Experimental neurology

Neuronal prolyl-4-hydroxylase 2 deficiency improves cognitive abilities in a murine model of cerebral hypoperfusion.

PMID 27720797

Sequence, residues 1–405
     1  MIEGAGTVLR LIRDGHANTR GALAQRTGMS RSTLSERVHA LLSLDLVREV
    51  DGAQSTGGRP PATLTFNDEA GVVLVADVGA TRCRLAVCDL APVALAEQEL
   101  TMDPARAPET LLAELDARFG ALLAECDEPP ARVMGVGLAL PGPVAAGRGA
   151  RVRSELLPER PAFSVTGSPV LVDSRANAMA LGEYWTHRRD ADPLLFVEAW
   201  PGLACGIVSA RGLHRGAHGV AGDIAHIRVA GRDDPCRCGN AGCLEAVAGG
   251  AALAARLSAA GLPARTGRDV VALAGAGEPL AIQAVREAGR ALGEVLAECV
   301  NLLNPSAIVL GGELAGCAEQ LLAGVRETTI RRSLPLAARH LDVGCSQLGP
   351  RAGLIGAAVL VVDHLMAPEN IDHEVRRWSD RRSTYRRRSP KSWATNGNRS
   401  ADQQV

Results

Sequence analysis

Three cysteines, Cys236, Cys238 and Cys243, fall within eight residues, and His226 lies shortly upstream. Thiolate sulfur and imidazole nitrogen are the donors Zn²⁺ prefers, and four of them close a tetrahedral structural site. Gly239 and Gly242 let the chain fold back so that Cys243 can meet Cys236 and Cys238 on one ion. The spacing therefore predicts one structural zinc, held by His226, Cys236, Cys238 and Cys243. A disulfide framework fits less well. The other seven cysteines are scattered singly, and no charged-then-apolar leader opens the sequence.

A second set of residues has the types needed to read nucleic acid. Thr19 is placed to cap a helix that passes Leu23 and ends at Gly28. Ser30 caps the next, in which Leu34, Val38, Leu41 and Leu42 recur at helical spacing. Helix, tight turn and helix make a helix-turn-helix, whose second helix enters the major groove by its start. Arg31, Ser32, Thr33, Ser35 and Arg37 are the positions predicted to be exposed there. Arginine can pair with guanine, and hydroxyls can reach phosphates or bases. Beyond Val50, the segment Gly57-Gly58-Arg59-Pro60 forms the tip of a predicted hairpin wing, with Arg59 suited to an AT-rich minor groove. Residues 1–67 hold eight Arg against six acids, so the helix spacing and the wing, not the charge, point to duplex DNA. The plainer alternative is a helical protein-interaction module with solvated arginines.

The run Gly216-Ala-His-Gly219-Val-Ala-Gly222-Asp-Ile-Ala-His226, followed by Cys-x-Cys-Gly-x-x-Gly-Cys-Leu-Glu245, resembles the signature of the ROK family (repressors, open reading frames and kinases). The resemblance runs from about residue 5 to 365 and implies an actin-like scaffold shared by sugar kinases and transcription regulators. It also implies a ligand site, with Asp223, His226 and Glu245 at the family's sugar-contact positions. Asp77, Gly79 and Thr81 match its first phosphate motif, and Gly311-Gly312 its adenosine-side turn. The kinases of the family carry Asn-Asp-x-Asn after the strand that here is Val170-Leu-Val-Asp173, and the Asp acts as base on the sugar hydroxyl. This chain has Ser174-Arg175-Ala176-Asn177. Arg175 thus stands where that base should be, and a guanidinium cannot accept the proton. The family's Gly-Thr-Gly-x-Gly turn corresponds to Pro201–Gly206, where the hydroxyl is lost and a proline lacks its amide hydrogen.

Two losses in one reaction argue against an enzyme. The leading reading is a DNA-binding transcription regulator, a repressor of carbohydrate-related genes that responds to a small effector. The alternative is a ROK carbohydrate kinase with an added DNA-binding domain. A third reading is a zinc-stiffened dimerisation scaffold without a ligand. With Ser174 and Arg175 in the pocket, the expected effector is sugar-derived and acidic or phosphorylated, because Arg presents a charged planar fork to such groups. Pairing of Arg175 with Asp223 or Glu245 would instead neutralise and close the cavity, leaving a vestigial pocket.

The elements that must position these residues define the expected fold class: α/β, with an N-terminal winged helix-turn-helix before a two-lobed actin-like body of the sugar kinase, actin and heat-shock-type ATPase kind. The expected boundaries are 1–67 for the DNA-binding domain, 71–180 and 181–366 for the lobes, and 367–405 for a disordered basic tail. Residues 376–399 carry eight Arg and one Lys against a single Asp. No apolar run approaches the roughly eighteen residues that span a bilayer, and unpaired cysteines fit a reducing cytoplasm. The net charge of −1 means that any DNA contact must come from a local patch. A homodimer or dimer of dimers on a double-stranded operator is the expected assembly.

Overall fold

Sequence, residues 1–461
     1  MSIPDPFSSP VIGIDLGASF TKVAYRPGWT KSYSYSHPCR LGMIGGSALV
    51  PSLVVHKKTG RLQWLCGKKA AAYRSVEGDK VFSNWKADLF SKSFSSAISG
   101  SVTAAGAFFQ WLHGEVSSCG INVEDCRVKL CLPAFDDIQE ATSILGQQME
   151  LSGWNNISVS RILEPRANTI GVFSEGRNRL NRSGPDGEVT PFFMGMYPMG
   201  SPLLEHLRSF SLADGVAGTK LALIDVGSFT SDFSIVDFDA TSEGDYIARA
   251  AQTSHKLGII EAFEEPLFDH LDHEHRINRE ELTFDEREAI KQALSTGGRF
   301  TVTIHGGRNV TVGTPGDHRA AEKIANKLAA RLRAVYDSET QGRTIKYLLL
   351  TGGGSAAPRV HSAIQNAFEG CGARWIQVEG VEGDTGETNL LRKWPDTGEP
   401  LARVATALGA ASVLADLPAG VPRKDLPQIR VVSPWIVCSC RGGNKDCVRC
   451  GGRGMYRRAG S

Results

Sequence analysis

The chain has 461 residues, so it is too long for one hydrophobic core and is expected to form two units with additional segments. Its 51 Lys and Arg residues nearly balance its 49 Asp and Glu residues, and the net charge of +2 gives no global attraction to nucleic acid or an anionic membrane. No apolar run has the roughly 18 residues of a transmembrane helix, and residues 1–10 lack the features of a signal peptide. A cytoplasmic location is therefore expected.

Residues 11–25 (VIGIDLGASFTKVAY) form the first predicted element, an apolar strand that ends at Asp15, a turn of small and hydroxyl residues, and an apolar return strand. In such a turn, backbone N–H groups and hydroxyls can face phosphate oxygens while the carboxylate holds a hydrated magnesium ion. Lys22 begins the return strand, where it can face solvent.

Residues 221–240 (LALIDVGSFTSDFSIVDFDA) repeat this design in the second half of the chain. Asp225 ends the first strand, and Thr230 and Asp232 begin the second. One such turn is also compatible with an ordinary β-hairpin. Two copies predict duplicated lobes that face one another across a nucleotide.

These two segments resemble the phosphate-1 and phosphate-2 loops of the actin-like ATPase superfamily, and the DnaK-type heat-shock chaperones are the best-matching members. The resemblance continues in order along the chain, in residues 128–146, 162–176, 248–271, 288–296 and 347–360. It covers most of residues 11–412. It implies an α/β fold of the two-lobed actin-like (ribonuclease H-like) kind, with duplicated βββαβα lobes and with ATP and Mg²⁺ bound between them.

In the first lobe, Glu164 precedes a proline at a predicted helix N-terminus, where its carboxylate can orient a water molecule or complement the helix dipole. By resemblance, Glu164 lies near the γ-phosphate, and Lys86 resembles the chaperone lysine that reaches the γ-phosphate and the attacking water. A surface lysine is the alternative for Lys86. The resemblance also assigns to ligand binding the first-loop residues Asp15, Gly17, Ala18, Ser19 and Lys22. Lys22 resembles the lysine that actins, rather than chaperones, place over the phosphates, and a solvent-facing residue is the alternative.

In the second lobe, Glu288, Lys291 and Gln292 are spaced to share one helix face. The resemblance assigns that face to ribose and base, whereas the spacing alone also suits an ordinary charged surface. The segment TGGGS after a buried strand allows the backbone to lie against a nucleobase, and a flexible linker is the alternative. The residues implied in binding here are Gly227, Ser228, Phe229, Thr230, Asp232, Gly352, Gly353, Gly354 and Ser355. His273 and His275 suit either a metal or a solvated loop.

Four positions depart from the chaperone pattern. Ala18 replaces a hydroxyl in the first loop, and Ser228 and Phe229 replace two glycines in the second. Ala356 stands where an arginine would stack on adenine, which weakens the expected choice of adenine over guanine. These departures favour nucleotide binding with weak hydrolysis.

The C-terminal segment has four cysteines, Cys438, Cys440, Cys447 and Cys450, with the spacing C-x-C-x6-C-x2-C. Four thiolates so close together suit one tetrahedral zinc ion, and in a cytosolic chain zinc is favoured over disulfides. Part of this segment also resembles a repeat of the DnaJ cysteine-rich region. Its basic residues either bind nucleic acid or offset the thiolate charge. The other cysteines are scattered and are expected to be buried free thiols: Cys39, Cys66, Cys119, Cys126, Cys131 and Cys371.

Episodes of cerebral hypoxia/ischemia increase the risk of dementia, which is associated with impaired learning and memory. Previous studies in rodent models of dementia indicated a favorable effect of the hypoxia-inducible factor (HIF) targets VEGF (vascular endothelial growth factor) and erythropoietin (Epo). In the present study we thus investigated whether activation of the entire adaptive HIF pathway in neurons by cell-specific deletion of the HIF suppressor prolyl-4-hydroxylase 2 (PHD2) improves cognitive abilities in young (3months) and old (18-28months) mice suffering from chronic brain hypoperfusion. Mice underwent permanent occlusion of the left common carotid artery, and cognitive function was assessed using the Morris water navigation task. Under conditions of both normal and decreased brain perfusion, neuronal PHD2 deficiency resulted in improved and faster spatial learning in young mice, which was preserved to some extent also in old animals. The loss of PHD2 in neurons resulted in enhanced hippocampal mRNA and protein levels of Epo and VEGF, but did not alter local microvascular density, dendritic spine morphology, or expression of synaptic plasticity-related genes in the hippocampus. Instead, better cognitive function in PHD2 deficient animals was accompanied by an increased number of neuronal precursor cells along the subgranular zone of the dentate gyrus. Overall, our current pre-clinical findings indicate an important role for the endogenous oxygen sensing machinery, encompassing PHDs, HIFs and HIF target genes, for proper cognitive function. Thus, pharmacological compounds affecting the PHD-HIF axis might well be suited to treat cognitive dysfunction and neurodegenerative processes.